In 2002, mobile subscribers worldwide have outnumbered fixed-line
subscribers. The dimensions in which this cross-over gain
significance are access to basic telecommunications services as well
as information and communication technologies (ICTs) as a tool for
economic and social development.
The phenomenon of the mobile cross-over has taken place across geographic
criteria such as countries, regions, and contents, across
socio-demographic criteria such as gender, income, or age, and
across economic criteria such as price premium for mobile (micro) or
GDP per capita (macro).
Mobile communications has increased access to telecommunications services
particularly in developing countries. The cellular network can be
built faster than a fixed-line network, it can cover geographically
challenging areas, services have been introduced in a competitive
environment, and pre-paid models have opened access to mobile
cellular for those who would otherwise not qualify for subscription
In countries, where mobile communications is the primary access to
communications, increased exchange of information on trade or health
services are contributing to development goals; in countries where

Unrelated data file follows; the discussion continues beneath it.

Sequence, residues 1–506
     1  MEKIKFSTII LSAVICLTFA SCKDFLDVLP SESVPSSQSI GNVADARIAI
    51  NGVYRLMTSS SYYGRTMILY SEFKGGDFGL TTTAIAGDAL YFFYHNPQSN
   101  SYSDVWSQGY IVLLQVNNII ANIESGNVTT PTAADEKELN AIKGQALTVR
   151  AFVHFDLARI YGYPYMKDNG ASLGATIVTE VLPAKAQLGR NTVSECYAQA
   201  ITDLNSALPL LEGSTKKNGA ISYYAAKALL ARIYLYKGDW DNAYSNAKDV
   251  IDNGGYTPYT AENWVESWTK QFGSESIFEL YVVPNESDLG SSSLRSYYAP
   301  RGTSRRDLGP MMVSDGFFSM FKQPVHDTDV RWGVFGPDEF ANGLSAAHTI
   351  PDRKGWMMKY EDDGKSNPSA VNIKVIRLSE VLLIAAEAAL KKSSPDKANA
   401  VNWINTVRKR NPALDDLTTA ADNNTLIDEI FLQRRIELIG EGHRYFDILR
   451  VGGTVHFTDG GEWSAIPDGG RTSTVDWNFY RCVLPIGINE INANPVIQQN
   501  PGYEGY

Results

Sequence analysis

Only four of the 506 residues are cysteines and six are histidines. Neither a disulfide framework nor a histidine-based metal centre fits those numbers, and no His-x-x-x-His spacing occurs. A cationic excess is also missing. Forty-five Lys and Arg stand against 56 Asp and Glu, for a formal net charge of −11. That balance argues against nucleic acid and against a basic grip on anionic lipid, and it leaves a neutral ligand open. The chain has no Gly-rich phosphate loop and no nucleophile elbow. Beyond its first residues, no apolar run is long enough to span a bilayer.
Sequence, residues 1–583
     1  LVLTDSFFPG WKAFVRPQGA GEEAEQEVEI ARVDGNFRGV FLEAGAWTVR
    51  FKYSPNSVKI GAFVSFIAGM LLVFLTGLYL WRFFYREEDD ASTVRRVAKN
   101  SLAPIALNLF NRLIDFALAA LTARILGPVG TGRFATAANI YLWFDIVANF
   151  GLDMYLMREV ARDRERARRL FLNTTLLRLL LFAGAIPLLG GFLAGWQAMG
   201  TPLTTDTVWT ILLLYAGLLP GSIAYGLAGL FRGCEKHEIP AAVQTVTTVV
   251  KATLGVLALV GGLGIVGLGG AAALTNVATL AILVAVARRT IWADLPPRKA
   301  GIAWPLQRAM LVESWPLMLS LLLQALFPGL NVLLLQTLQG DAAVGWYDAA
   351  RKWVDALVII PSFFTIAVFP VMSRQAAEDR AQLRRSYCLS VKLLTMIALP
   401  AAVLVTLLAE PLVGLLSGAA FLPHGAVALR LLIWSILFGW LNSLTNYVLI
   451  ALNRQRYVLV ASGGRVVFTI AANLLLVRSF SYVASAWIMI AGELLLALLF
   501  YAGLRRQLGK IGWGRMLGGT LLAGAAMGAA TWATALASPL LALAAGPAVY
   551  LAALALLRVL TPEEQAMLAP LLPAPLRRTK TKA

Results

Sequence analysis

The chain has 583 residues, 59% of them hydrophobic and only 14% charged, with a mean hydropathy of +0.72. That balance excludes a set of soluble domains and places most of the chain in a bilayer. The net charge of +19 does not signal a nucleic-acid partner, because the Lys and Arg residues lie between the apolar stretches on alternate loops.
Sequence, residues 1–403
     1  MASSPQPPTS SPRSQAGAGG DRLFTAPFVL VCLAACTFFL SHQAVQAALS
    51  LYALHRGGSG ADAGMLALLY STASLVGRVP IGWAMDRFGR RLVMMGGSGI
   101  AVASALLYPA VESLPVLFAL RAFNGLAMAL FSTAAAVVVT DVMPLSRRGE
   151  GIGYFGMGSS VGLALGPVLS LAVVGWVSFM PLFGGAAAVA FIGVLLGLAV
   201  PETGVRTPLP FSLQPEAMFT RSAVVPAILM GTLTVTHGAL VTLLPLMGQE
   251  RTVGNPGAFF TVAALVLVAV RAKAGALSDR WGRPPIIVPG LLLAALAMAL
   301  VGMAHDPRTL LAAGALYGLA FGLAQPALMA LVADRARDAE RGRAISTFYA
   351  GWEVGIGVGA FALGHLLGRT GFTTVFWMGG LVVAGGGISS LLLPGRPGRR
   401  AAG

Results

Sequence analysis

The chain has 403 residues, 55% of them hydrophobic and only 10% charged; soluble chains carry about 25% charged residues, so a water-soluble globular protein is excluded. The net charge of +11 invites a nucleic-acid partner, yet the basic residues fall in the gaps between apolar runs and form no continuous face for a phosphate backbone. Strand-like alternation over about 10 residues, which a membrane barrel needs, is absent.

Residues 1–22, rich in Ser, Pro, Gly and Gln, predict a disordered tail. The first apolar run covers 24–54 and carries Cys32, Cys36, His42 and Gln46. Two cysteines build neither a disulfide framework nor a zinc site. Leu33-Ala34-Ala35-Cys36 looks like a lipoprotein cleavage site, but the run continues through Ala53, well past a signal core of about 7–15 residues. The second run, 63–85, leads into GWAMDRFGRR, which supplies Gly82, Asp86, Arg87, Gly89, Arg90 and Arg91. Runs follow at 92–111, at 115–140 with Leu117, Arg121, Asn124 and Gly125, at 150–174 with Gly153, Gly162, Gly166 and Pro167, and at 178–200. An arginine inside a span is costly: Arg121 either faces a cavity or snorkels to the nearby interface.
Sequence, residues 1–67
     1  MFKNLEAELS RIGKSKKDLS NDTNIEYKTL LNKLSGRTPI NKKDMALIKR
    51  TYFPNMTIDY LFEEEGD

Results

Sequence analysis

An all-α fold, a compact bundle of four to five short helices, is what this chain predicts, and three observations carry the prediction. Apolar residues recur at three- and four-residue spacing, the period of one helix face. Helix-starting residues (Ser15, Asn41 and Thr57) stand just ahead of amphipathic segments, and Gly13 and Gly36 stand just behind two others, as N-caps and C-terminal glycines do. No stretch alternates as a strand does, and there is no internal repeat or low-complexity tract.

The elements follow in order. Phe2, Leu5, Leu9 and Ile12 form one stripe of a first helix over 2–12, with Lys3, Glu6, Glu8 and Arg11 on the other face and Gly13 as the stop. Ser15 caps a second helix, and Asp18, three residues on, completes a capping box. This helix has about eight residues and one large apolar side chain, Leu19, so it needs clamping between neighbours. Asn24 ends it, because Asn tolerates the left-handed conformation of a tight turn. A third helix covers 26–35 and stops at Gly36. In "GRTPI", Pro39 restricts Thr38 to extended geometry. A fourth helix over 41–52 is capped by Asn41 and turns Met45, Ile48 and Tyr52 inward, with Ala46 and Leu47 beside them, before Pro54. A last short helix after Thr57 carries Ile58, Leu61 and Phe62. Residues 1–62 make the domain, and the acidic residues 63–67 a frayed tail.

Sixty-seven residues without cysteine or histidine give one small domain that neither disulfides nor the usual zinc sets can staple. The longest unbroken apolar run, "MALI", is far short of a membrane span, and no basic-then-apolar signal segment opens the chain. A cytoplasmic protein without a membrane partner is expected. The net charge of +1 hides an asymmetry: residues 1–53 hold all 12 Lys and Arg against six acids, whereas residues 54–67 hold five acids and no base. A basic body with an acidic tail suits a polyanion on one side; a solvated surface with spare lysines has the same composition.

people commonly use both fixed-line and mobile communications the
personal traits of the cell phone are changing social interaction.
all of these positive outlooks, is there a need for policy changes
or re-constructions of regulatory frameworks? Now that growth rates
are slowing down on a global scale, is there potential for market
failures, wrong incentives for building infrastructure, a lack of
competitive forces? Can the mobile communications industry continue
its prosperous development into the future?
This website has been
designed in order to provide background resources on some of these
Pricing and billing
in mobile markets
Licensing and spectrum policy
Mobile data communications
protection and privacy
A background paper to serve as an introduction to the
topic is available for download: "Mobile
Overtakes Fixed: Implications for Policy and Regulation ",
ITU, June 2003.